Publication Date

2016

Abstract

Aims and objectives. To analyse the evidence reported in the literature concerning the surgical count process for surgical sponges, surgical instruments and sharps and to identify knowledge gaps for future research on the surgical count process. Background. The surgical count process stands out among the practices advo- cated by the World Health Organization to ensure surgical safety. The literature indicates that this practice should be performed in all surgical processes. How- ever, surgical items are still retained. Design. Integrative review. Methods. The literature search was conducted in the PubMed, CINAHL and LILACS databases and included studies on the surgical count process published in English, Spanish and Portuguese from January 2003–December 2013. Results. A total of 28 primary studies were included in the sample, allowing the knowledge on the surgical count process to be summarised and grouped into three categories: risk factors for retained surgical items, how the surgical count process should be performed in the intraoperative period and the accompanying technologies that collaborate to improving the manual count process. Conclusions. The correct implementation of the surgical count process by the perioperative nurse may contribute to preventing retained surgical items, thereby improving surgical patient safety. Relevance to clinical practice. Nurses can use this review to assist in decision- making directed towards preparing, updating and implementing a reliable system for the surgical count process based on recent evidence because the perioperative nurse plays a key role in the implementation of this practice in health services. Aims and objectives: To analyse the evidence reported in the literature concerning the surgical count process for surgical sponges, surgical instruments and sharps and to identify knowledge gaps for future research on the surgical count process. Background: The surgical count process stands out among the practices advocated by the World Health Organization to ensure surgical safety. The literature indicates that this practice should be performed in all surgical processes. However, surgical items are still retained. Design: Integrative review. Methods: The literature search was conducted in the PubMed, CINAHL and LILACS databases and included studies on the surgical count process published in English, Spanish and Portuguese from January 2003–December 2013. Results: A total of 28 primary studies were included in the sample, allowing the knowledge on the surgical count process to be summarised and grouped into three categories: risk factors for retained surgical items, how the surgical count process should be performed in the intraoperative period and the accompanying technologies that collaborate to improving the manual count process. Conclusions: The correct implementation of the surgical count process by the perioperative nurse may contribute to preventing retained surgical items, thereby improving surgical patient safety.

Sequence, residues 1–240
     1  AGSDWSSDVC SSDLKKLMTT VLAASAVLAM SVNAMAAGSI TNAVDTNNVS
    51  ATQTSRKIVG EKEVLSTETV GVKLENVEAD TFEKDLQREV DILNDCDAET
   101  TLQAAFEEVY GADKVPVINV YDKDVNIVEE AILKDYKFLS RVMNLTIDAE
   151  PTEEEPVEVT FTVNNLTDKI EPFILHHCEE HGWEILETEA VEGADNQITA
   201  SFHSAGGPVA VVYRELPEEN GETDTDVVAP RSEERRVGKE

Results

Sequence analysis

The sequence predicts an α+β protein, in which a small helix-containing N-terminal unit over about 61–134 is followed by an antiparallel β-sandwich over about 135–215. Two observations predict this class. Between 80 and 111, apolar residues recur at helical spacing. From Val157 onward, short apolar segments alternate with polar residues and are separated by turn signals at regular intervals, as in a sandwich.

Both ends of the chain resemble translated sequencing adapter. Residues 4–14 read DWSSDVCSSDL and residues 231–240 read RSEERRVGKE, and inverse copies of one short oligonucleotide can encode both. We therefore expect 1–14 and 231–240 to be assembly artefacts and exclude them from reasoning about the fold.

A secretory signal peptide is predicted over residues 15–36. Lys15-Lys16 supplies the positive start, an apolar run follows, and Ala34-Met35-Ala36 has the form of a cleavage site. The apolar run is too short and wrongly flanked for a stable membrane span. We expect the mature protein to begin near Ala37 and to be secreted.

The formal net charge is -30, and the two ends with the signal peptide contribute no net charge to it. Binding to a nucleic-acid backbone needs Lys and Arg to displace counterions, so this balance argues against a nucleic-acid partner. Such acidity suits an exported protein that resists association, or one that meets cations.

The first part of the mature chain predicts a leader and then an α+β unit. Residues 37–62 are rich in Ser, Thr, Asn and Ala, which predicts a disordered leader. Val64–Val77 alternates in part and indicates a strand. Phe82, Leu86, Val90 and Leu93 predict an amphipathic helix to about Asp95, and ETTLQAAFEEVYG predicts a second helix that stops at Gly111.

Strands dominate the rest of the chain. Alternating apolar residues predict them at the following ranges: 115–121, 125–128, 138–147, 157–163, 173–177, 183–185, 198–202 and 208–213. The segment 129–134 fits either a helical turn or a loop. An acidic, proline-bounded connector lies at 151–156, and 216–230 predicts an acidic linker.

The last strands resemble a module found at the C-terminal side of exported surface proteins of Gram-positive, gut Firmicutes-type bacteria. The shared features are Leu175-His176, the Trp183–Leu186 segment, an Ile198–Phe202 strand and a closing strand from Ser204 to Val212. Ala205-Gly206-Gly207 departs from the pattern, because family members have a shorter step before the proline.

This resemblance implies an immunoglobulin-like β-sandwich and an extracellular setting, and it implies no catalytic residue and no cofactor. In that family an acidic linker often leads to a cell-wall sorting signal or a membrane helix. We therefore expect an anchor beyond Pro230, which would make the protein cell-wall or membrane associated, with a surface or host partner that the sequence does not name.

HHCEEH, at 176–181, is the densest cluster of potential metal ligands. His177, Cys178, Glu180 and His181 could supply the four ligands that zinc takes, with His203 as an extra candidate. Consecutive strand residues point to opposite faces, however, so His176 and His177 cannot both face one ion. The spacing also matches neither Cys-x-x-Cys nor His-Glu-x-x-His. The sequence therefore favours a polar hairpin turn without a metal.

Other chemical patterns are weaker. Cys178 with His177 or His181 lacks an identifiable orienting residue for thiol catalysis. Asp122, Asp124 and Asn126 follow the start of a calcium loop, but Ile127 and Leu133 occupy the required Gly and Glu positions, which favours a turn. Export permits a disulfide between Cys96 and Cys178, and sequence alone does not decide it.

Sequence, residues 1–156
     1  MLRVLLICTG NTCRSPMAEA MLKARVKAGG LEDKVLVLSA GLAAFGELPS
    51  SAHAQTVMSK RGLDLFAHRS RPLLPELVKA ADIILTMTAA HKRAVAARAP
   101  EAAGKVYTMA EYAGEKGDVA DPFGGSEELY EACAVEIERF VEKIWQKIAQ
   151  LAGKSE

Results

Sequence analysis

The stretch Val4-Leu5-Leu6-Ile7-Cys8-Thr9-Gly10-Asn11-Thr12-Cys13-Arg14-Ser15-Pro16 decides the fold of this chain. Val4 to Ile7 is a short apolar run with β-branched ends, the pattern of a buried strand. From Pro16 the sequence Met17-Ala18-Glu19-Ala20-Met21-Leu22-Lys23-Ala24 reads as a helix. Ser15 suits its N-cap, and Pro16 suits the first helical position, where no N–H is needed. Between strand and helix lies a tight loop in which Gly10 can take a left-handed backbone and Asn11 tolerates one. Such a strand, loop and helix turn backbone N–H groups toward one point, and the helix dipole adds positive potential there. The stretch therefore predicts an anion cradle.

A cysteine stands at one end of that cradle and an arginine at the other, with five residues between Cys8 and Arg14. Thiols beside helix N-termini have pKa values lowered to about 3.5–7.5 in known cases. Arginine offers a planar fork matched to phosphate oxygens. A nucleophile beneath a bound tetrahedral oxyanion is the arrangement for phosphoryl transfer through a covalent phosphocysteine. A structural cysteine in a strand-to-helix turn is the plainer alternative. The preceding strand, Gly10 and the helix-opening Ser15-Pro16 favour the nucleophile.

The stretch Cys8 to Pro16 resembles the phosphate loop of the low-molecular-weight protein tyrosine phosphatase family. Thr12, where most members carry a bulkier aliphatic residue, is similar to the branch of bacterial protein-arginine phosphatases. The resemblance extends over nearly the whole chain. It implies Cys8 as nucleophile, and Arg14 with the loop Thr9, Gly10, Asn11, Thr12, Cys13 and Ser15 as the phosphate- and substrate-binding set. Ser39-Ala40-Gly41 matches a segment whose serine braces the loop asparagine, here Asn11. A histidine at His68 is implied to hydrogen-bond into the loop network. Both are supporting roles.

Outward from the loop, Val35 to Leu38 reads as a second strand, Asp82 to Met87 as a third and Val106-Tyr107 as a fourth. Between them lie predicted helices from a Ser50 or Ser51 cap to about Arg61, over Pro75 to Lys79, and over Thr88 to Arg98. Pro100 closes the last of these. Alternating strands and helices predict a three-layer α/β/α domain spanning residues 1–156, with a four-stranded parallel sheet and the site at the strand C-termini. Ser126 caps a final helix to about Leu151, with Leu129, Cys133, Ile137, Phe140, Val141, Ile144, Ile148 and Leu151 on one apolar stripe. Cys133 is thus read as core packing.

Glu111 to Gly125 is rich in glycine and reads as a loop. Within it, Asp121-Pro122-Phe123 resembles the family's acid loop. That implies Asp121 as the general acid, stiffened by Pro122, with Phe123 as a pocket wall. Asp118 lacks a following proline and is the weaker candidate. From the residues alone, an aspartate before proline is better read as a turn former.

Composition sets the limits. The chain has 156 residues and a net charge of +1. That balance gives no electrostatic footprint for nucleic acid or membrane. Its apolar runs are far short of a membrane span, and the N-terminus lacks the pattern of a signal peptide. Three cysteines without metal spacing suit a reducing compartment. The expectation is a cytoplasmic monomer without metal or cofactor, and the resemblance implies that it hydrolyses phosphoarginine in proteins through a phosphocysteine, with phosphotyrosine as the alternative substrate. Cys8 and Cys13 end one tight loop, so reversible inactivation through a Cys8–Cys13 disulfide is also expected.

Document Type

Journal Article

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